Air Cutoff Valve Overhaul

You might consider this item: Randakk’s GL1000 Carb Rebuild Video

The air cutoff valve is a simple but vital component of the carburetor system on GL1000s. Its function is to eliminate backfiring on hard deceleration (throttle fully closed). Hard deceleration creates a high vacuum signal in the intake tract which activates the valve. When activated, it restricts the flow of air to the external idle circuit air jets thereby richening the mixture. This slightly richer mixture is calibrated to eliminate backfiring in this operational mode.

Here’s a tuning tip. If you haven’t replaced or overhauled your air cutoff valve in a while, I recommend you do so as a precautionary measure. I recommend an interval of 25,000 miles or 3 years. These can fail catastrophically or slightly. When they fail completely, you’ll have very apparent backfiring on deceleration. Often, they fail in a more insidious way by shifting the “function point” of the valve to a higher vacuum / rpm level than designed. So, even though the diaphragm is intact and will hold a test vacuum…you can get an excessively lean condition resulting in poor off-idle throttle response. Typically, this may also lead to a condition where the bike requires lots of chokes until it is completely warm before it responds well to the throttle.

In lieu of the expensive Honda item, aftermarket air cutoff valves are available from a variety of outlets at reasonable prices.

The actual rebuild procedure is straightforward and well covered in the Official Honda, Clymer and Haynes Manuals. Your carbs need NOT be removed to rebuild the air cutoff valve.

1. Remove the valve which is held to the plenum by the 2 screws at the base (not the 2 screws on top which secure the cap).
2. Disassemble the valve by removing the top plate held by the 2 short screws.
3. Underneath – you will replace the rubber diaphragm and spring.
4. When reassembling, the spring goes on top of the diaphragm (installed position) inside the tower portion of the cover.
5. The diaphragm mounts with the actuating pin pointing down (installed position). Be extra careful here – the diaphragm can be installed upside-down rendering the air cutoff valve useless in operation!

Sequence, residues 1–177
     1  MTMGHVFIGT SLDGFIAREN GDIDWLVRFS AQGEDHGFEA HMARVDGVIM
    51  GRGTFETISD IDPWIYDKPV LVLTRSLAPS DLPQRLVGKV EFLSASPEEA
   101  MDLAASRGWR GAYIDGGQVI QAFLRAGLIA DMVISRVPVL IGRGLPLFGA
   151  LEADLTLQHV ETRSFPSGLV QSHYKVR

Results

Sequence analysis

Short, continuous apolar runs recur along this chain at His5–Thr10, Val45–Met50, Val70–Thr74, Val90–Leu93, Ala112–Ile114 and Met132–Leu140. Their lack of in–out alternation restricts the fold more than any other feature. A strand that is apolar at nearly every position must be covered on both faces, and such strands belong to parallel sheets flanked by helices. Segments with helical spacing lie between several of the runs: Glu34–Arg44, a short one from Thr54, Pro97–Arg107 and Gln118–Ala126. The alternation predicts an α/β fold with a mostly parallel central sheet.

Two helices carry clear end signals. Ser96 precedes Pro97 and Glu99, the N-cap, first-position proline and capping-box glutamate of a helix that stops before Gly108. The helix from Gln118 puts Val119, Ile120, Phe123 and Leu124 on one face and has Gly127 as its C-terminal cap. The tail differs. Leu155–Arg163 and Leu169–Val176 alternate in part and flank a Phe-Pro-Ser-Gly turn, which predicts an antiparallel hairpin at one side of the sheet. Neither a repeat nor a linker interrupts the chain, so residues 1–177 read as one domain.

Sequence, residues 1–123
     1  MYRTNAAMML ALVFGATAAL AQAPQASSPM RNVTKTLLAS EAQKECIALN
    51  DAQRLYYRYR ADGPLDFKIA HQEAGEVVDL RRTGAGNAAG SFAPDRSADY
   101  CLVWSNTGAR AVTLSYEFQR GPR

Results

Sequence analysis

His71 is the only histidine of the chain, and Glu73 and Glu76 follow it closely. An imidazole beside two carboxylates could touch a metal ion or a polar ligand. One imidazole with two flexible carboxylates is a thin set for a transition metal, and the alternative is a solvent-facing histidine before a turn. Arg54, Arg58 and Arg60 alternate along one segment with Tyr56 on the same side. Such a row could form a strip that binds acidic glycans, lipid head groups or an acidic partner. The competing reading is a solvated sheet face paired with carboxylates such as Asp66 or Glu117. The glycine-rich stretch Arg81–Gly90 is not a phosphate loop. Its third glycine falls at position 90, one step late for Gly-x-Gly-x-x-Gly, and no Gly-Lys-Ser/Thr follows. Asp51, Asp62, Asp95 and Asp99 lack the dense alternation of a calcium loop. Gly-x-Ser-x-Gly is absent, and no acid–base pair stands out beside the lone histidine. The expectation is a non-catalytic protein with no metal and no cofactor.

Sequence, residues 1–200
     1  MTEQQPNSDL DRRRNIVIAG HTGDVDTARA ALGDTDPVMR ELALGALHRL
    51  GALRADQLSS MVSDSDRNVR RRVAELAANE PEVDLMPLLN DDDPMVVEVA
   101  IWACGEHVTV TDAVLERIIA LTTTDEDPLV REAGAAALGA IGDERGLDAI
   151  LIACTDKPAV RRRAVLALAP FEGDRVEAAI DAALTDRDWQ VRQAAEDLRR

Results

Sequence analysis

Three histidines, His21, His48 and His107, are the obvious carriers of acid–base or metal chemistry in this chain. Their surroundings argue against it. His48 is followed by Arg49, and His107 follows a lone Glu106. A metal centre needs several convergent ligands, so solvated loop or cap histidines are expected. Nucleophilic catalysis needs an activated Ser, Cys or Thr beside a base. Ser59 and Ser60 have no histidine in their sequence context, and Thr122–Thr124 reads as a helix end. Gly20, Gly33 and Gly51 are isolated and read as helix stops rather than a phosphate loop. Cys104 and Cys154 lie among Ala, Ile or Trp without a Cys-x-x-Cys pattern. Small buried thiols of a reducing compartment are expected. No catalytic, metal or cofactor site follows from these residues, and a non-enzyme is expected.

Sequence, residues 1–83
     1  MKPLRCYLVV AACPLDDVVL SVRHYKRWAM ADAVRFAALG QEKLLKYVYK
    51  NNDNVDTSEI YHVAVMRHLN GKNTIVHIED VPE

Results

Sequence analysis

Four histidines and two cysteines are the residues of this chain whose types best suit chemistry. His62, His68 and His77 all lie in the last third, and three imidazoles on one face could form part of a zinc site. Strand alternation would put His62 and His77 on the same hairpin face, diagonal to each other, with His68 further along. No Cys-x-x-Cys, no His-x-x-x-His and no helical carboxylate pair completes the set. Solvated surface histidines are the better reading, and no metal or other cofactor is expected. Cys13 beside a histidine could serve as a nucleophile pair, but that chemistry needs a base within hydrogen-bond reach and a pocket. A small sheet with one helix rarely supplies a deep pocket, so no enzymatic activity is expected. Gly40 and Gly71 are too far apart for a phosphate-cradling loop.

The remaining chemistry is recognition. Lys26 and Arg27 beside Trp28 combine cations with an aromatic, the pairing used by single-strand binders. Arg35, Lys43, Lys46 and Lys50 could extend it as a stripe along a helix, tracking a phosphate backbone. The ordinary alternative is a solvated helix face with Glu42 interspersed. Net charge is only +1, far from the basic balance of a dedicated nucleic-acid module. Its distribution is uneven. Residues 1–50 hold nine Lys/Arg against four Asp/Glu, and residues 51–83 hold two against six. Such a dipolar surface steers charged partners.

6. Don’t forget to install the small O-ring that seals the cap to the body of the air cutoff valve
7. Use 2 new o-rings to mount the rebuilt air cutoff valve to the plenum.

Note: Randakk’s GL1000 Master Carb Overhaul Kit includes an air cutoff valve overhaul kit…details here. If you use the air cutoff valve rebuild kit I supply, depending on my supplier – there might be an extra small seal you won’t use in this application. Discard this extra seal.

While you’re at it, you might as well replace the vacuum hose to the air cutoff valve. This hose is 3.5 mm id (good substitute is 5/32″ id).

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  1. I have some idle problems with my gl1000 75 and i think it has to do with the air cutoff valve, i think that the rebuild kit i bought for this air cutoff valve is not with the correct spring, can you tell me the dimmensions of the spring acting on this valve?, and can you give me some information about the forces needed to compress this spring?.


  2. Tom Ireland says:

    I have replaced the small O ring that seals the cap to the body of the valve (the original ring seemed more like a hard, flat rubber washer). The rubber diaphragm seemed fine. Vacuum testing once reassembled reveals that it cannot hold a vacuum completely; it does lose the vacuum very slowly. At what point is this a problem?

  3. David Lytle says:

    On my 1977 Gl1000, I was able to get access to me carb caps (to do the mid range fix), without removing the air cutoff valve (or taking the carbs completly off). I just disconnected the hose. However, the base of my valve is held in place with two 2.5 mm hex head bolts, not screws. I don’t know if these are factory installed. I cannot remove them, as the heads strip before I can back them out. Any thoughts on doing a cutoff valve overhaul in situ–with the base attached to the plenum?
    David L., Portland, OR


  1. […] 22. Failure to rebuild the air cutoff valve. Closely related: Failure to rebuild the air cutoff valve correctly. The diaphragm can be installed upside down! More details here. […]

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